Concerning Behaviours

Traditional approaches to care often reflect the idea that caregivers must do something to someone to solve the problem of concerning behaviours.

Children who experience developmental challenges have been given consequences for their actions – natural or adult imposed. Similarly, people who experience cognitive decline are often communicated with through the techniques of gentle persuasion.

Both those with developmental challenges and those with cognitive decline lack the skills necessary to process information effectively. Therefore, both need a different approach to care – one that supports them in processing information and allows them the freedom to find ways on their own to adapt to new challenges they face.

When people, young or old, are unable to make good decisions and solve problems effectively, they are also unable to meet the expectations they have of themselves and others around them. As a result, they can become frustrated, fearful and anxious eventually exploding in anger.

Not everyone, child or adult, becomes angry when faced with difficulties. Some people choose to withdraw when they are struggling with problems or frustrations. These people are lucky because caregivers tend to respond to their less severe behaviours in ways that are more supportive, empathic, and nurturing.

The lack of global skills – flexibility, adaptability, frustration tolerance, emotion regulation and problem-solving skills – is something these two groups of people share in common.

External link opens in new tab or windowRoss W. Greene’s Collaborative & Proactive Solutions (CPS) approach is currently being adapted to people who experience cognitive decline. Preliminary results are promising in reducing anxiety and increasing thoughtful consideration of the stressors a person is experiencing in the moment.

Home and community offer many opportunities to engage people who experience cognitive decline in a variety of different activities and experiences. When someone has the freedom to explore, adapt and solve the problems within these environments, they are also more likely to recall memories from their past.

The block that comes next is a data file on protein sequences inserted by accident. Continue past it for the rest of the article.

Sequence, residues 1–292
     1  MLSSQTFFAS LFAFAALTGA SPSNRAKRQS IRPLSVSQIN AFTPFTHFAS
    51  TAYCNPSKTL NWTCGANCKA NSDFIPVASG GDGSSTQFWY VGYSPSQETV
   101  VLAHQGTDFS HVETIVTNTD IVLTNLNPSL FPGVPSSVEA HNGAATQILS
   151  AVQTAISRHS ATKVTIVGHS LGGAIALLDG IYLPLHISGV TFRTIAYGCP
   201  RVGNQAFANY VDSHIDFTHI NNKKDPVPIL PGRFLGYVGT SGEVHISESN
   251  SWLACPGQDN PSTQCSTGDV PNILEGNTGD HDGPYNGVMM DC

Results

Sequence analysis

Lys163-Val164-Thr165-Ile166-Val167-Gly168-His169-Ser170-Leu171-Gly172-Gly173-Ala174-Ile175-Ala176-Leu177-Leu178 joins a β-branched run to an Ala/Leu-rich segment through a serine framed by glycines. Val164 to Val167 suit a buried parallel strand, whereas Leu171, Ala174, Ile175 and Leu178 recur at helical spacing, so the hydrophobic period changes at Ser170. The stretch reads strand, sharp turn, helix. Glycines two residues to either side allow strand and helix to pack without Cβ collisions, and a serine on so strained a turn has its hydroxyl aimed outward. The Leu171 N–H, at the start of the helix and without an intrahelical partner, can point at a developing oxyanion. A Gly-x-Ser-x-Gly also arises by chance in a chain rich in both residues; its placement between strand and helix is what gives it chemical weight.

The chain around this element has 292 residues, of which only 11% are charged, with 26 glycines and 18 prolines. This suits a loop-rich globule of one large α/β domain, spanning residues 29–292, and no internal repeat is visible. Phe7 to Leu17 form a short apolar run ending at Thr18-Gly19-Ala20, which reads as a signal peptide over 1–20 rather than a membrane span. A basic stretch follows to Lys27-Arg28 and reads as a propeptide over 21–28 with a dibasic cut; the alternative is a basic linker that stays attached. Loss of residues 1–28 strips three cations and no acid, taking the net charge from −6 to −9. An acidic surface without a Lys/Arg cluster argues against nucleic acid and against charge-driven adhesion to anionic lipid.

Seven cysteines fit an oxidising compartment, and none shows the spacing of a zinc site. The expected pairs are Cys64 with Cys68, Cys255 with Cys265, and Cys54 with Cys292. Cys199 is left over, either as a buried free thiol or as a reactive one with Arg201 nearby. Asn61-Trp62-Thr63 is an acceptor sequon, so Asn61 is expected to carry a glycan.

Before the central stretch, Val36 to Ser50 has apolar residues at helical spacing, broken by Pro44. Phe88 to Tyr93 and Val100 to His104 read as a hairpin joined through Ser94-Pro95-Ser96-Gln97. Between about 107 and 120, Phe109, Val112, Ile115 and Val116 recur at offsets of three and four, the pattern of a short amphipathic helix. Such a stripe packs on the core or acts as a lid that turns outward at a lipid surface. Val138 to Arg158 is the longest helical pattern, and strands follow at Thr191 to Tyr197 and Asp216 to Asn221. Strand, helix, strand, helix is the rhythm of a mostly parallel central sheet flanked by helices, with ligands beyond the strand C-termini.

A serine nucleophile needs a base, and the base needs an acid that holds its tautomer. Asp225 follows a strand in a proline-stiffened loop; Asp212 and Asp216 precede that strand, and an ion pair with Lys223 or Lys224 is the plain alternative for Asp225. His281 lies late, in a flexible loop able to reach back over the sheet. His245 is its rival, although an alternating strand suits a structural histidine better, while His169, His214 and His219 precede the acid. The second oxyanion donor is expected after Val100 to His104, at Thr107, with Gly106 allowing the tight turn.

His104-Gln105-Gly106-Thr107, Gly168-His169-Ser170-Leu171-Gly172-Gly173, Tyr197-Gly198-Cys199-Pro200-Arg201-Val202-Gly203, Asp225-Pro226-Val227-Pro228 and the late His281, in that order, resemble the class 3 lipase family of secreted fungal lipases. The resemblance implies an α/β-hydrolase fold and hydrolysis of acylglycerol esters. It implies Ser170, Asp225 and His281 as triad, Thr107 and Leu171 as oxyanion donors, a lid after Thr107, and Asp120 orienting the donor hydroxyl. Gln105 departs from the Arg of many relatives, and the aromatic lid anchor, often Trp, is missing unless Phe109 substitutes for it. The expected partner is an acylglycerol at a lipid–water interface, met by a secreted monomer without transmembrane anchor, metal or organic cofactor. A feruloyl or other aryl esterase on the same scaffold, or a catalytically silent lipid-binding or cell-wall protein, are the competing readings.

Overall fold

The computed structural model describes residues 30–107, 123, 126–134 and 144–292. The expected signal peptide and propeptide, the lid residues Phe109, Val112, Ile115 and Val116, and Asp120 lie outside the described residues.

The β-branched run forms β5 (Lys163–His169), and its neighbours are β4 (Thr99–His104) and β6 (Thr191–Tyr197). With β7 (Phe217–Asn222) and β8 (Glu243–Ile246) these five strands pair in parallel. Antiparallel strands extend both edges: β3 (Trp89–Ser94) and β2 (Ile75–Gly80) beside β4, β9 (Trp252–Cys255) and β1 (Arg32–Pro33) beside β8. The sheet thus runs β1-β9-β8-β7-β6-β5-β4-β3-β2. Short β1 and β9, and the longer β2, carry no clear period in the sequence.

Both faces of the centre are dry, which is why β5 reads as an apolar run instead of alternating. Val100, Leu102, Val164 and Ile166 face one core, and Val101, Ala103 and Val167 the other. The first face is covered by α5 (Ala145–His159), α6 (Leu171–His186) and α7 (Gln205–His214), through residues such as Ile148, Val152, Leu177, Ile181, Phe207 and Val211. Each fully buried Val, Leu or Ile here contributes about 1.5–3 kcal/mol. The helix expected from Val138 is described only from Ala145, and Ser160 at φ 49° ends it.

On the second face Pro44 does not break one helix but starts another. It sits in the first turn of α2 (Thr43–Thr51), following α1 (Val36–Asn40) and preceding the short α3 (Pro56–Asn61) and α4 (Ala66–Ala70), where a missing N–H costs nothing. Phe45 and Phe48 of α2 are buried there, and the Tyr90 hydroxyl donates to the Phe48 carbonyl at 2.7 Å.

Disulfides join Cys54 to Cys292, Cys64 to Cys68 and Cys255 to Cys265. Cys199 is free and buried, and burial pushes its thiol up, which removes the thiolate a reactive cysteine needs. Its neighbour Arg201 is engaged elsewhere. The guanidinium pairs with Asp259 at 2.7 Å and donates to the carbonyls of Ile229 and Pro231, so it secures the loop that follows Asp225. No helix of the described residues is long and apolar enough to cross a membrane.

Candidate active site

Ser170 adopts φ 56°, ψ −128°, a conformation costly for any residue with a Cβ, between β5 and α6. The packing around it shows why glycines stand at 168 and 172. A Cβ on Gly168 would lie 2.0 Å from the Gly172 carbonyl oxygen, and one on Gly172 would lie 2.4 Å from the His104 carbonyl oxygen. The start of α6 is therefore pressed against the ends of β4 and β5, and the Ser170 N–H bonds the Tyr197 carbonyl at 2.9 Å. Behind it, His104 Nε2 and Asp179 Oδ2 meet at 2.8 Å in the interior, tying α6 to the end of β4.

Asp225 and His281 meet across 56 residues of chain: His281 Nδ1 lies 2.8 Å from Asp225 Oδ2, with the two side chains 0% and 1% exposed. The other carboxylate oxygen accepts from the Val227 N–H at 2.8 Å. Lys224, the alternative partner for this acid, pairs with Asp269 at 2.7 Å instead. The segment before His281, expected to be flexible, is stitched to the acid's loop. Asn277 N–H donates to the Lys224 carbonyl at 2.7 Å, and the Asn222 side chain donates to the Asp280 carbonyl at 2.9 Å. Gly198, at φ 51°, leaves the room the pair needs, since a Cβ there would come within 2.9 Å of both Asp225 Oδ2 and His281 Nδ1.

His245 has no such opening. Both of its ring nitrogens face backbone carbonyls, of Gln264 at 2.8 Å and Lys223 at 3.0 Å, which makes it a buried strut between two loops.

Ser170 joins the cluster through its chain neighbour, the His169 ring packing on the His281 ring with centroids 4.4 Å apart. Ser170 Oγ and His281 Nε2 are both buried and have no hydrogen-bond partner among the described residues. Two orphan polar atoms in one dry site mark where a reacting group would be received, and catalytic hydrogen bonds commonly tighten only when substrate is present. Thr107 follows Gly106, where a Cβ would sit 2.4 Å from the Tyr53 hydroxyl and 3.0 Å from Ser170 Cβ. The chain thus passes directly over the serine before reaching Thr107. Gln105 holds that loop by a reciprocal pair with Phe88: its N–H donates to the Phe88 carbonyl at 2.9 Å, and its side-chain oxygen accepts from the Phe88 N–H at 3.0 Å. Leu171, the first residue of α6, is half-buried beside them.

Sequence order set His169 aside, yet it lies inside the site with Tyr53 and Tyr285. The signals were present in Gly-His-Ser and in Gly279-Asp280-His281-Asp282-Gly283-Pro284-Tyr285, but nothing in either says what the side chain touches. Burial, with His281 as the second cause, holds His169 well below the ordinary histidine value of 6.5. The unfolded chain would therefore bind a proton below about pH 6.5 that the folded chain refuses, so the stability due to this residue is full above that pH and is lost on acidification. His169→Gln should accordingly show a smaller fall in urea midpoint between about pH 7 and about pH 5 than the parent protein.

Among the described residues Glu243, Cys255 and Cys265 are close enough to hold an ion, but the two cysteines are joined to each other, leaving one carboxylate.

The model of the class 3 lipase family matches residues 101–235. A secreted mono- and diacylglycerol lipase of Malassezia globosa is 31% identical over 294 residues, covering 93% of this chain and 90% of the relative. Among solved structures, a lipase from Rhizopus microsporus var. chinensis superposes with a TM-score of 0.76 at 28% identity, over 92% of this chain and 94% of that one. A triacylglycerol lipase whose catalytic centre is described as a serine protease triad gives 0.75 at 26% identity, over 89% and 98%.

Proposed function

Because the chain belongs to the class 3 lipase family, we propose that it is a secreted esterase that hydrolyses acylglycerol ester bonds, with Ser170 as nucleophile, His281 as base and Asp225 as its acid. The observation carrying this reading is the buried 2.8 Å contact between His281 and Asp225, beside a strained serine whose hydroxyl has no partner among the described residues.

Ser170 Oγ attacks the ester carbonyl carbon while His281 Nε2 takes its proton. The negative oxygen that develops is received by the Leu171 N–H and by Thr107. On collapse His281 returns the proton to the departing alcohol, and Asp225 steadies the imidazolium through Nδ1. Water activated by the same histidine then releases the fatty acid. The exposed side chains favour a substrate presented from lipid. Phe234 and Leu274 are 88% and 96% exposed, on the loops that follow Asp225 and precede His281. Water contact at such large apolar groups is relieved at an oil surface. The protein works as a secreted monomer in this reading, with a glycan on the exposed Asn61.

Ross W. Greene uses the Assessment of Lagging Skills & Unsolved Problems (ALSUP) he has developed to identify the global skills (or lagging skills) and unmet expectations (also called unsolved problems) that are the source of concerning behaviours. It can be found External link opens in new tab or windowhere and also on the website of the non-profit Dr. Greene founded, Lives in the Balance, at External link opens in new tab or 

Numerous published studies have documented the effectiveness of CPS, and it has been validated as an evidence-based intervention. To use this model effectively, you’ll need an open mind, time to practice new communication strategies and patience. Greene describes his approach as similar to putting on a new pair of lenses (or eyeglasses). When you’ve been thinking and caring for someone in a certain way for a long time, changing lenses and practices can take some doing.

Simile is currently working with subject matter experts to incorporate the Collaborative & Proactive Solutions approach into the Relationship Enhancement Training Program. We look forward to offering you a new perspective on care soon that includes insights, strategies and specialized communication skills to work collaboratively with someone who experiences cognitive decline in Ottawa, Canada.


The Explosive Child, Ross W. Greene, PhD., 2021

* From External link opens in new tab or windowUlysses - Lord Alfred Tennyson (1809-1892)

© Simile – Training in Supportive Care, 2023